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Pitting Struggling Small Business and Working People’s Needs During the COVID19 Crisis: Business as Usual for Seattle’s Political Establishment

This week, I voted against a City Council bill that takes money away from low-income affordable housing and puts those funds towards small business pandemic relief. As I said in my remarks during the meeting, working people, struggling small businesses – the majority marginalized in a system that prioritizes extreme wealth for a few – have to reject the divide and conquer strategy by the establishment. This is an incredibly wealthy city. What’s missing in City Hall is the political will to tax large corporations like Amazon to ensure the burden of the COVID-19 crisis does not fall on working people or small businesses. That’s why we will need to get organized in the grassroots.

My remarks below:

“I have concerns about this bill from the Mayor, and I have the concern that it will not be just this bill, but that it is going to start becoming a pattern from the emergency orders that come from the Mayor, and this will be an ongoing issue. I have shared my concerns with Councilmember Morales in advance, but want to share my concerns here as well and explain what I intend to do with this bill here today in terms of a vote.

It funds relief for small businesses, which I absolutely support. In fact, it was my office along with community members that was able to fight for small business within the Central District a couple of years ago, and win $650,000.00 which was unprecedented for struggling POC-owned businesses that we were able to win through organizing. There is no question that small businesses are struggling, as well as the vast majority of working people that are reeling from this crisis. 


However this bill would pay for small businesses by cutting the Low-Income Housing Fund, and I oppose that cut.  I agree with Councilmembers who said it’s accurate that it does not come from “currently planned projects”, that is true, but it takes away from the next round of projects, the projects of the 2020 Notice Of Funding Availability.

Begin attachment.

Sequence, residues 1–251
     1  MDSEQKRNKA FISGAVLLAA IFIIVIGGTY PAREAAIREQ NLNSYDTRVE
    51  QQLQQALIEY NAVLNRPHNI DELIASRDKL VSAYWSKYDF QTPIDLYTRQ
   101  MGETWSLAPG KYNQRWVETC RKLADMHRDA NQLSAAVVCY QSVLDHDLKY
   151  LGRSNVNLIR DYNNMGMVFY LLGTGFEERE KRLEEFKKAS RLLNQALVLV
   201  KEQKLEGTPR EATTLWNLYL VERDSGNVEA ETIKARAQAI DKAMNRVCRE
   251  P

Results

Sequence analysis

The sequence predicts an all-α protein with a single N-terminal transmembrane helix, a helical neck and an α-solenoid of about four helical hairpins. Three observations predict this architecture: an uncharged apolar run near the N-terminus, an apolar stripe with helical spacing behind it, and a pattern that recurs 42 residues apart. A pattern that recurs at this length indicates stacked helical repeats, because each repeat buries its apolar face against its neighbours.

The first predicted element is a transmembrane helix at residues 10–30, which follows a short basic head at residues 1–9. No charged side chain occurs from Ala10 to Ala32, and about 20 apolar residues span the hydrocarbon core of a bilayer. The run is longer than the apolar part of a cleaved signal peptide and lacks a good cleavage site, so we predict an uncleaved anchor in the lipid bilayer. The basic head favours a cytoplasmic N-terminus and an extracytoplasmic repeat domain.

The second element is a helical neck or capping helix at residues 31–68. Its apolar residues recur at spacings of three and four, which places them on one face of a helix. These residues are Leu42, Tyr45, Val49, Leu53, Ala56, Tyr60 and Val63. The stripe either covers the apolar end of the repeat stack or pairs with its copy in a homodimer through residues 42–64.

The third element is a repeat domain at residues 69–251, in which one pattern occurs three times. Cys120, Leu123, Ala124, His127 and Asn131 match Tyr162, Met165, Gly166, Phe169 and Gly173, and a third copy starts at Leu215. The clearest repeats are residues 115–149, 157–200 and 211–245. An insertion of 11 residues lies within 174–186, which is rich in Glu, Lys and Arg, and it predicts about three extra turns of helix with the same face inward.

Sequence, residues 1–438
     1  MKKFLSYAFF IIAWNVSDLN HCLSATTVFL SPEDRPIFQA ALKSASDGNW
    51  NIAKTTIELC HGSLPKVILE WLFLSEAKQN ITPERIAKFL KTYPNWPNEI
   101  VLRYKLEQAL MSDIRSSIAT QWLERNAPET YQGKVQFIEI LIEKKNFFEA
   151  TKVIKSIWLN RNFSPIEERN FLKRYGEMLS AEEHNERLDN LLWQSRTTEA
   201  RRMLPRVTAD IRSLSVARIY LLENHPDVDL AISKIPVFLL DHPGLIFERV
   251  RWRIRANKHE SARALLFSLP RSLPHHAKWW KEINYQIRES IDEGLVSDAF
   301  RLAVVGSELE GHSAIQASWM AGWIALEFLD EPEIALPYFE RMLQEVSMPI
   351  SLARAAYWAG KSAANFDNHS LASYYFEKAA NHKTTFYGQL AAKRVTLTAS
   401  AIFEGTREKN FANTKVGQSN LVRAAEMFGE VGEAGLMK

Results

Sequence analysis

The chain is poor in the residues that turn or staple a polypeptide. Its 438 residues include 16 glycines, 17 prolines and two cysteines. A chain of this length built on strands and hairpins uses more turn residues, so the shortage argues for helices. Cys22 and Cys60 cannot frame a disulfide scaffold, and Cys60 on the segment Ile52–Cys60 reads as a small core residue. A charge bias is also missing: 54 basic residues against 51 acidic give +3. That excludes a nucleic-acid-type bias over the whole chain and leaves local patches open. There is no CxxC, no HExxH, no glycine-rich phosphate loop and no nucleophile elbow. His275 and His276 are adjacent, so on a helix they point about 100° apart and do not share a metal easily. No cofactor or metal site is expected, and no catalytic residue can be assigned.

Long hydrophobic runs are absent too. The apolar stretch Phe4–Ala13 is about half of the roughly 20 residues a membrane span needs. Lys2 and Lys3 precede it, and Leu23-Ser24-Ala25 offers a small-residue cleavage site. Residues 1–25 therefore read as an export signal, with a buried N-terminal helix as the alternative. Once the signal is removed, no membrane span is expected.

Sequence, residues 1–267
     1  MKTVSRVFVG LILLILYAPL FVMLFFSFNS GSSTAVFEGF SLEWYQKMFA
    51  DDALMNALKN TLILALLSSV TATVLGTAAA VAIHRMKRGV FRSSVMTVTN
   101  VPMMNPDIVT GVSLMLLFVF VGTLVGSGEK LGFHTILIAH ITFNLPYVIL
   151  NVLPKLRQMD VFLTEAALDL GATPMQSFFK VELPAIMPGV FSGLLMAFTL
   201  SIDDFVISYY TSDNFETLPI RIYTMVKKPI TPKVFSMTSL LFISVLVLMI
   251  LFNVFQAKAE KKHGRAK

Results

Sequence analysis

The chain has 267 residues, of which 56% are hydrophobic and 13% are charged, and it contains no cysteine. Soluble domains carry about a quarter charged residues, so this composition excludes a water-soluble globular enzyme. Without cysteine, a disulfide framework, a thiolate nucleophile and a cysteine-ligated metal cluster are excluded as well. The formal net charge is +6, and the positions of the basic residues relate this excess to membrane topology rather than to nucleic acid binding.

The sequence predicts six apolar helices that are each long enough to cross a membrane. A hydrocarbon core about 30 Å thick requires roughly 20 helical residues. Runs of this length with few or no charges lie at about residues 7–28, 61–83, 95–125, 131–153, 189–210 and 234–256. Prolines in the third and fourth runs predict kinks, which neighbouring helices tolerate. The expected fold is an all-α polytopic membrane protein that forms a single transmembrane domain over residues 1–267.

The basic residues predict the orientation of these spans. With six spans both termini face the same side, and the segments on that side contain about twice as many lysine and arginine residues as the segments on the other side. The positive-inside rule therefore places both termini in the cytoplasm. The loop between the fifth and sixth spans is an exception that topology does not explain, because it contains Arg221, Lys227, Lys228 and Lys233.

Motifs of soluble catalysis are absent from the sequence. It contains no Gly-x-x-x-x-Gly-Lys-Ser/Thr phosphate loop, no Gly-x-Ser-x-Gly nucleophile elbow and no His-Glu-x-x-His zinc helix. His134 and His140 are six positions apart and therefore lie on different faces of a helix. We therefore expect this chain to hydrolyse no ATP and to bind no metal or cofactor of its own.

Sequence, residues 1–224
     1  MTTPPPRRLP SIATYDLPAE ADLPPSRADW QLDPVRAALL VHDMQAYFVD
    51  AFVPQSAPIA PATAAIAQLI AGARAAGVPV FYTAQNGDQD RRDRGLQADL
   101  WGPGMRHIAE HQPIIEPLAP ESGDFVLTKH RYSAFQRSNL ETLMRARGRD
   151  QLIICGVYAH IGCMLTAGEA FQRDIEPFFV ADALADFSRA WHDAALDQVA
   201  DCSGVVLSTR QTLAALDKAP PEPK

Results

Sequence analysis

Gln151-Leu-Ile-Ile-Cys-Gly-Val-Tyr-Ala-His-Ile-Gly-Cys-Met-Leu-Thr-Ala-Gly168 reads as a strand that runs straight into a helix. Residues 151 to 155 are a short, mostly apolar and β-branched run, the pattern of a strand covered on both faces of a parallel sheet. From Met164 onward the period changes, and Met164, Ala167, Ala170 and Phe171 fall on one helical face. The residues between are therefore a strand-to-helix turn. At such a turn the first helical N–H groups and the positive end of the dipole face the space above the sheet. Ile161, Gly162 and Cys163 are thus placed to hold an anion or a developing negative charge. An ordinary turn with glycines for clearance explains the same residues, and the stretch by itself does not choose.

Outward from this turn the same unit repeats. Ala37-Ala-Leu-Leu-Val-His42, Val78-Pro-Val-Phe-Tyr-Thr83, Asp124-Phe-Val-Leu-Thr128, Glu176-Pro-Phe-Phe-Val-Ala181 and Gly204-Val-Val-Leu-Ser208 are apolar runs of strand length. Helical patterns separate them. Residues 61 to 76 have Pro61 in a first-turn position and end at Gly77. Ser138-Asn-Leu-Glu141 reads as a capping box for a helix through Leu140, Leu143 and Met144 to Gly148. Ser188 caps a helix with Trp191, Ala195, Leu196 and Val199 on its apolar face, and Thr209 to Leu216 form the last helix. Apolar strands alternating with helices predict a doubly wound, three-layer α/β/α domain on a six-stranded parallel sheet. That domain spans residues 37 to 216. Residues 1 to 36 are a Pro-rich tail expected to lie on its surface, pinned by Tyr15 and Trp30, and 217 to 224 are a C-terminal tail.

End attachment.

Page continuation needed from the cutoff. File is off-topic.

My office checked thoroughly with City Council Central Staff, and they estimate that if this million dollars [is cut], if these housing funds are not made whole, this could cost 10 individuals or families affordable homes to live in during this crisis. That is a concrete loss that could happen if we do not take care – and I do not understand why we need to do that. There is actually a lot of money in this city, it’s just in the hands of the wealthy and big business. 

It would be reasonable to ask whether the affordable housing construction was being suspended right now in accordance with social distancing guidelines, or shelter in place that is being anticipated. However, Central Staff checked with the Office of Housing, and they report that the Spring 2020 Notice of Funding Availability (NOFA) went out as planned, even in this crisis. So either it will affect the scheduled affordable housing for this year, or it will not affect this year but will affect affordable housing on an ongoing basis.